YOU ARE HERE: LAT HomeCollections

Groups urge faster security checkpoints for frequent fliers

Also: The TSA gets flak for how it treated travelers in 2010, and its mobile app answers travelers' questions.

January 02, 2011|By Hugo Martín, Los Angeles Times

As lines in the nation's airports grow longer with newly enhanced security measures, many travel groups suggest that the best way to speed passengers through would be to create separate, faster checkpoints for frequent fliers, including business travelers.

It's an idea promoted by the International Air Transport Assn., the trade group for the global airline industry, and the National Business Travel Assn., the trade group for the U.S. business travel industry.

Under the proposal, frequent travelers who submit background information prior to arriving at the airport can bypass the full-body scanners and pat-down searches. Instead, the frequent travelers undergo a quicker, less invasive security procedure.

In a meeting last month with Transportation Security Administration leader John Pistole, leaders of the National Business Travel Assn. pressed the idea as a way to make the screening process more efficient.

In a recent survey, 71% of the association's members said they would be willing to pay to undergo a one-time in-depth security check to qualify for the faster security screening.

Mike McCormick, the association's executive director, called the talk with Pistole productive.

"We plan to continue our dialogue with TSA over the months to come so we can work together to ensure the proper systems are in place to enhance security while minimizing challenges for the business traveler," he said in a statement.

Nico Melendez, a TSA spokesman, said Pistole met with the group because he believes in considering all ideas. But he noted that the TSA tested the idea of separate security lines several years ago in pilot program called Registered Traveler.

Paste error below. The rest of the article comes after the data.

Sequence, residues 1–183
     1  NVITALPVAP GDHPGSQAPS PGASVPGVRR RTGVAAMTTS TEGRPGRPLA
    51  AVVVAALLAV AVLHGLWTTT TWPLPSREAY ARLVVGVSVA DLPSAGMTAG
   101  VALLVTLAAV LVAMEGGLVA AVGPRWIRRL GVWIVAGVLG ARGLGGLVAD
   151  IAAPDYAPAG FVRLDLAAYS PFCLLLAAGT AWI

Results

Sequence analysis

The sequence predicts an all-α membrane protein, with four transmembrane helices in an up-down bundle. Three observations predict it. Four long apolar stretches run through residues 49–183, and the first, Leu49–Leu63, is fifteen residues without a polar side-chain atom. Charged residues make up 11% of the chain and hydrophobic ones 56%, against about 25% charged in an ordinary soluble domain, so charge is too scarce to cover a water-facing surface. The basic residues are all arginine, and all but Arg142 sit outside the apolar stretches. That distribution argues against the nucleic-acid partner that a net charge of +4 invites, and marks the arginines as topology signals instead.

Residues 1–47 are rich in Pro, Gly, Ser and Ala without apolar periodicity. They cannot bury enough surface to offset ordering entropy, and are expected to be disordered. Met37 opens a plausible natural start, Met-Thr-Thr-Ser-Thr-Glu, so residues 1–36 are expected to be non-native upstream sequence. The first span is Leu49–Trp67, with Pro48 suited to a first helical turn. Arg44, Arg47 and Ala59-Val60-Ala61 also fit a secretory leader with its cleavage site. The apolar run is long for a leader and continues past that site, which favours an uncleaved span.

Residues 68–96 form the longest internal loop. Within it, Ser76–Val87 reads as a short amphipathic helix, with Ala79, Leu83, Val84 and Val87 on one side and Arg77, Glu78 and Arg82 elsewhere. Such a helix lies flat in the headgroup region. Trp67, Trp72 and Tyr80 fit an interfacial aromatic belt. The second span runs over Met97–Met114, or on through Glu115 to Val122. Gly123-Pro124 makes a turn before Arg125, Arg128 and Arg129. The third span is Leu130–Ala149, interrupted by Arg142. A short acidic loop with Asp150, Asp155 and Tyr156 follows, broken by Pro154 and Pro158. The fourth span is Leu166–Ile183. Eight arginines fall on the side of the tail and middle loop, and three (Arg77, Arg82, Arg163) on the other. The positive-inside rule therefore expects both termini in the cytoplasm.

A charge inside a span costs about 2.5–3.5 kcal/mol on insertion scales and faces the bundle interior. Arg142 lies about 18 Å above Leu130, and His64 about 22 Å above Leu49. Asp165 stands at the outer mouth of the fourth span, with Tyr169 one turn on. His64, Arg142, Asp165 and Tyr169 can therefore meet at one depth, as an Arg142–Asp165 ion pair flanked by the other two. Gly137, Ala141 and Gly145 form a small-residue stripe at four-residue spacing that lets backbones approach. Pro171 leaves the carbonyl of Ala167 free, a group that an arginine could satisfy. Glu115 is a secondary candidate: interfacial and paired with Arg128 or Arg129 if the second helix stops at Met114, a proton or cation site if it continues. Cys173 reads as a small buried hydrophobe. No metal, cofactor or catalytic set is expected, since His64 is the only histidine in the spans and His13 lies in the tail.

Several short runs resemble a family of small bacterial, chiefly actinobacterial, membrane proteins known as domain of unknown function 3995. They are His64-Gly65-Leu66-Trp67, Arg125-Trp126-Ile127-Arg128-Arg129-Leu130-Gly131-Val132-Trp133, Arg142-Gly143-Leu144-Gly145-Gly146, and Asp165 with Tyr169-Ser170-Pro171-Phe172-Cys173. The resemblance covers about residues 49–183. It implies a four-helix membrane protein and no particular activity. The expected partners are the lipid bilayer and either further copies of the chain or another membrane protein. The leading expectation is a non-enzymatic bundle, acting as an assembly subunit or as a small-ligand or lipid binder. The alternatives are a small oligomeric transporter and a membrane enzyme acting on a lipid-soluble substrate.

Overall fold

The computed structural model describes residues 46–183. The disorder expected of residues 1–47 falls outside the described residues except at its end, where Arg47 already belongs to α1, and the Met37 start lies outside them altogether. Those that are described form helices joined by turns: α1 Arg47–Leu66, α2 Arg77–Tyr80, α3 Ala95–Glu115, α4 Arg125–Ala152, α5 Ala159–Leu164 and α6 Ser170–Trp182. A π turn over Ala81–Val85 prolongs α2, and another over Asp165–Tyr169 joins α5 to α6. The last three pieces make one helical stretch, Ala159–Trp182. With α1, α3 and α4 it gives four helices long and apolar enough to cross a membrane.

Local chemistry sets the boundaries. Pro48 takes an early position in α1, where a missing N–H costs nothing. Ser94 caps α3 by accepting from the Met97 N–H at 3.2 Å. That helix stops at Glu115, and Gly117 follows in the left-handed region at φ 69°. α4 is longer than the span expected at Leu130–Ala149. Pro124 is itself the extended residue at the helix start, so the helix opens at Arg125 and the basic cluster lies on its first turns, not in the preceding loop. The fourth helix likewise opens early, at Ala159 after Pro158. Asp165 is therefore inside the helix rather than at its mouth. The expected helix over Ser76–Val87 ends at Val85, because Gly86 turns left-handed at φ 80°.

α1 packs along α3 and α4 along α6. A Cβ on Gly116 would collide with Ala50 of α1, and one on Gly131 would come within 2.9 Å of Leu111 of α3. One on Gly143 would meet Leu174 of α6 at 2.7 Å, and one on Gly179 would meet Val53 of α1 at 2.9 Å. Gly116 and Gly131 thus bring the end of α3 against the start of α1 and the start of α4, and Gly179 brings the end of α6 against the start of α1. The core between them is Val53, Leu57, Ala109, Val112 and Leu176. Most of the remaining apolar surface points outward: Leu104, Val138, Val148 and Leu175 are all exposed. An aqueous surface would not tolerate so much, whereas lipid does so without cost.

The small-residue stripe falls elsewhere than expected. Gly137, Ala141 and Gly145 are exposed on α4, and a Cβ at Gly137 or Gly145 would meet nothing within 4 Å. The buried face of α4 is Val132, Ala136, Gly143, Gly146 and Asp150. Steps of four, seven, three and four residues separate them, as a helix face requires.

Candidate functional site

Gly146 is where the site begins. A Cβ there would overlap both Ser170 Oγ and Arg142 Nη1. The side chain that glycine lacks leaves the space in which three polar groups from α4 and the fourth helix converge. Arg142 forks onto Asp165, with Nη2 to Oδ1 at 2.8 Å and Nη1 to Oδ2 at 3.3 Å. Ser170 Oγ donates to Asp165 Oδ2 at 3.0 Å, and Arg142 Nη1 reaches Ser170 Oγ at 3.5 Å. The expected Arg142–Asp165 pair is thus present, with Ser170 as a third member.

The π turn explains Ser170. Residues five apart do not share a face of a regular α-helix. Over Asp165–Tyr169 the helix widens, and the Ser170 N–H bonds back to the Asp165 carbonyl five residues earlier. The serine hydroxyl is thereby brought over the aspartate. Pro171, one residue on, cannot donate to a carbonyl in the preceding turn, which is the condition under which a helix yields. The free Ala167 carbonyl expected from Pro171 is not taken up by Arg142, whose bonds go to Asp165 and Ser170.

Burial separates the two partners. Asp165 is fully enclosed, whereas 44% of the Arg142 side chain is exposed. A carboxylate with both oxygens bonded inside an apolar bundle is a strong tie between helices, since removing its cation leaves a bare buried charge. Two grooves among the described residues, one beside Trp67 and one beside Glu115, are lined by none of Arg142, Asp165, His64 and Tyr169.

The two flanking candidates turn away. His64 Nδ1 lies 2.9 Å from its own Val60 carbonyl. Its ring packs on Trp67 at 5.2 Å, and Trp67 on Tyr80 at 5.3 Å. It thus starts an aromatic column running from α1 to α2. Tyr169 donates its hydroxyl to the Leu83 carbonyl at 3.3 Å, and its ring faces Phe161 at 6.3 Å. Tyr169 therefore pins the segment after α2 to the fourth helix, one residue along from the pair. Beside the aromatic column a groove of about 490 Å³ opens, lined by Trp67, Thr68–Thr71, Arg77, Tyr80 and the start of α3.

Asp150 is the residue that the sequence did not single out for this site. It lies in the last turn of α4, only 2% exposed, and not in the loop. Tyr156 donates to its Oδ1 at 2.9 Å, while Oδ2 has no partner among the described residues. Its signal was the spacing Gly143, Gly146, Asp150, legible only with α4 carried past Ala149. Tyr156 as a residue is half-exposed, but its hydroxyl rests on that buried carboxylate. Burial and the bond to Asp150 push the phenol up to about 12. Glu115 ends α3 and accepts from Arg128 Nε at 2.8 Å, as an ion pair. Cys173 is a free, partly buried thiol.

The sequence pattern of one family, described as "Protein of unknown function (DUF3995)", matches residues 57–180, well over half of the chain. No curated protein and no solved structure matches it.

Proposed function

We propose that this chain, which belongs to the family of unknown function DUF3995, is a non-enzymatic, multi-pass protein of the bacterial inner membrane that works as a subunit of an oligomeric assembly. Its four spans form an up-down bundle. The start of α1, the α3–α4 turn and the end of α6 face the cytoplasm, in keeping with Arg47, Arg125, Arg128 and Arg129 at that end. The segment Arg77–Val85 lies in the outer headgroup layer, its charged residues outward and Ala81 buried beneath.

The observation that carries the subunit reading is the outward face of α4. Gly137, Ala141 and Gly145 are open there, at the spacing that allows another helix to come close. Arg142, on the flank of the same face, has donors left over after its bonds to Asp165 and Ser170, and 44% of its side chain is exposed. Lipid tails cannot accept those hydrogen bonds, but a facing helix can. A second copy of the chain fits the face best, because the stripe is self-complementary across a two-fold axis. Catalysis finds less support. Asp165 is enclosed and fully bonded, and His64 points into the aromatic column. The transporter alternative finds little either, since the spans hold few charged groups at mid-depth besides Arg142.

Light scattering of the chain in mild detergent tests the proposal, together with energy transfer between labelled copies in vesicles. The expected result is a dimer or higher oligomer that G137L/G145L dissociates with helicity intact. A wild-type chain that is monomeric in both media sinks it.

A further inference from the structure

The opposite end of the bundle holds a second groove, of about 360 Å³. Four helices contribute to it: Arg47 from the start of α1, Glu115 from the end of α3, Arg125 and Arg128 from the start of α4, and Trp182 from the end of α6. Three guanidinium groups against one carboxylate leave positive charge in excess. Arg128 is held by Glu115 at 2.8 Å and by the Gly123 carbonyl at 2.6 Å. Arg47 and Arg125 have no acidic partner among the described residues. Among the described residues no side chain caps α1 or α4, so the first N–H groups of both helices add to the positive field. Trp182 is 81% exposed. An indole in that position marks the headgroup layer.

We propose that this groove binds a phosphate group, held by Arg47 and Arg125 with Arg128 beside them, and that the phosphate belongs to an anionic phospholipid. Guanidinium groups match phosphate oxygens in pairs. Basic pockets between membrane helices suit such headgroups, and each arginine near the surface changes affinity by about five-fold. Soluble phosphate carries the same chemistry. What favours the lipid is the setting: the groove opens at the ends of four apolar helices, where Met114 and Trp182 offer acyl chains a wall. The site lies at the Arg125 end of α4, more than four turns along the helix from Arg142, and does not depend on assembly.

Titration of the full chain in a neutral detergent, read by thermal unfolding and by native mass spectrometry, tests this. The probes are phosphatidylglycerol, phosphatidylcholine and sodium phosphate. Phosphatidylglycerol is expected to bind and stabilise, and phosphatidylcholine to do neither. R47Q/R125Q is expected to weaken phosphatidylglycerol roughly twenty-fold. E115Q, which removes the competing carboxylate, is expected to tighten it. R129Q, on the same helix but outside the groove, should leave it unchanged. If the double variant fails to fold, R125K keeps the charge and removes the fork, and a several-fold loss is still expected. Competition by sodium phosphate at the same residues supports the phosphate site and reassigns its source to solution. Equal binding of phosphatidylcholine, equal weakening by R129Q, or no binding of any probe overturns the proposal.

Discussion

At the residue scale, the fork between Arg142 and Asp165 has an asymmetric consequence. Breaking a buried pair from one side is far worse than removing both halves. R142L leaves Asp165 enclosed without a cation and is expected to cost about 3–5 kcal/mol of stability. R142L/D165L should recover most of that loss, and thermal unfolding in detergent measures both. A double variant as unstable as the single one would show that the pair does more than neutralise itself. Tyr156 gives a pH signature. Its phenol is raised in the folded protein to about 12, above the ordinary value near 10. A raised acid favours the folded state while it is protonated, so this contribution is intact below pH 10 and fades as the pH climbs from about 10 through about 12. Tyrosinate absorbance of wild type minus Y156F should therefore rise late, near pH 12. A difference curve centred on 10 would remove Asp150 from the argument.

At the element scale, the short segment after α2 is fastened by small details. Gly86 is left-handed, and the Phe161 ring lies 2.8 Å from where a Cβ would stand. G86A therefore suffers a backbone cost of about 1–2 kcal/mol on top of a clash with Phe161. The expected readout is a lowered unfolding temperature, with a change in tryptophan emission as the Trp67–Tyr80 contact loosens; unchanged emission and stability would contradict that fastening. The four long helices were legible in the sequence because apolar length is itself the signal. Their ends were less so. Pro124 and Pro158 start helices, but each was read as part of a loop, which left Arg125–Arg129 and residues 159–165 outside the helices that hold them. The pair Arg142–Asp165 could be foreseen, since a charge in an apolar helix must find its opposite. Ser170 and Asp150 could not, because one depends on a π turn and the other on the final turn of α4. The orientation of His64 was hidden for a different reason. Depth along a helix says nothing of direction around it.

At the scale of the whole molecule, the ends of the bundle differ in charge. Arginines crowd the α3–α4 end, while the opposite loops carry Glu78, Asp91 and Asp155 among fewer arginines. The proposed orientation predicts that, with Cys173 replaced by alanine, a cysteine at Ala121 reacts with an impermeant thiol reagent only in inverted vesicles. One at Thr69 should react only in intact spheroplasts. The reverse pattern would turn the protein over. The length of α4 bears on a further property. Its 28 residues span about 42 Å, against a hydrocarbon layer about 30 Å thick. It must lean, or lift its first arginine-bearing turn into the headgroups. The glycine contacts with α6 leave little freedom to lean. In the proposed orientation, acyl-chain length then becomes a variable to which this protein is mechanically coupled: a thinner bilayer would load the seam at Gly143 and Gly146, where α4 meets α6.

After the pilot program ended, several private companies attempted to continue it in cooperation with the TSA, but those firms couldn't expand the program to enough airports to make a profit and ended the ventures. New York-based Alclear has since tried to relaunch the public-private effort but has done so at only two airports.

Said Melendez: "We take ideas and implement what we can. But the most important thing for us is security."

• The worst-service award goes to …

While the TSA is focused on security, many travelers are not delighted by its customer service.

That was clear from a recent online survey by the Consumer Travel Alliance, a Washington nonprofit group that represents travel consumers.

Asked to pick the travel company or government agency that gave them the worst service in 2010, nearly half of the 544 people surveyed pointed at the TSA.

The airline industry came in second, with 29% of those polled saying airlines treated travelers the worst. Car rental companies came in third with 10%, and hotels in fourth place with 5%, according to the survey of visitors to the group's website and the site of consumer advocate Christopher Elliott.

Charlie Leocha, head of the alliance, was surprised by the gap the survey showed between the TSA and the airlines. But people's opinions could change. "Everything is a snapshot in time," Leocha said.

• TSA mobile app answers questions

In a bid to make the airport security process a little easier, the TSA has created a mobile application to answer travelers' questions about the screening procedure.

Although travelers can choose from thousands of apps to kill time while waiting in an airport line, the My TSA app is meant to move the lines faster.

For example, the app includes a feature that lets travelers type in the name of an item to find out whether the TSA allows it on the plane. (Cake? Yes. Homemade jam? Yes, but it's subject to the rules for liquids and gels.)

Another feature lets passengers report the time it takes them to get through the security lines — information that is then shared with other users of the app.

The app is available free on Apple Inc.'s iTunes. It has received mixed reviews.

One reviewer on iTunes said it was not surprising that few travelers had posted how long they waited in security lines: "Think about it. You have all your stuff to deal with, going through security. You have to practically undress to go through. You have to re-dress, gather your stuff, and get to your gate. How many people will take the time to report their wait times?"

Many of the features are also available at the TSA mobile site,

Los Angeles Times Articles